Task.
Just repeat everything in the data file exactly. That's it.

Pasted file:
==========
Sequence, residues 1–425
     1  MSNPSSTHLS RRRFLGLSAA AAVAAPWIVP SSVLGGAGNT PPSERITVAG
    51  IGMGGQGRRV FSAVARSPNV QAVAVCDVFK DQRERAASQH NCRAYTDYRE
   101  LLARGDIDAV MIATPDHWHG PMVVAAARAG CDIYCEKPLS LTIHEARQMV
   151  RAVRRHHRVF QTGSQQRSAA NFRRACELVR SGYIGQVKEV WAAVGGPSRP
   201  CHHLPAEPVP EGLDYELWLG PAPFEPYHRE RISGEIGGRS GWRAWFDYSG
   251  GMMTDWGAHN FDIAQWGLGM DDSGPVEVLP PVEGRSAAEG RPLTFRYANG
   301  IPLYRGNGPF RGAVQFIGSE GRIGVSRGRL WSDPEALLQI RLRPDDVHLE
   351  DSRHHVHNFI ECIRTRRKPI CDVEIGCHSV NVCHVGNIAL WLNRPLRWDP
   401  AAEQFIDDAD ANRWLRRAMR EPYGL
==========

Sequence, residues 1–425
     1  MSNPSSTHLS RRRFLGLSAA AAVAAPWIVP SSVLGGAGNT PPSERITVAG
    51  IGMGGQGRRV FSAVARSPNV QAVAVCDVFK DQRERAASQH NCRAYTDYRE
   101  LLARGDIDAV MIATPDHWHG PMVVAAARAG CDIYCEKPLS LTIHEARQMV
   151  RAVRRHHRVF QTGSQQRSAA NFRRACELVR SGYIGQVKEV WAAVGGPSRP
   201  CHHLPAEPVP EGLDYELWLG PAPFEPYHRE RISGEIGGRS GWRAWFDYSG
   251  GMMTDWGAHN FDIAQWGLGM DDSGPVEVLP PVEGRSAAEG RPLTFRYANG
   301  IPLYRGNGPF RGAVQFIGSE GRIGVSRGRL WSDPEALLQI RLRPDDVHLE
   351  DSRHHVHNFI ECIRTRRKPI CDVEIGCHSV NVCHVGNIAL WLNRPLRWDP
   401  AAEQFIDDAD ANRWLRRAMR EPYGL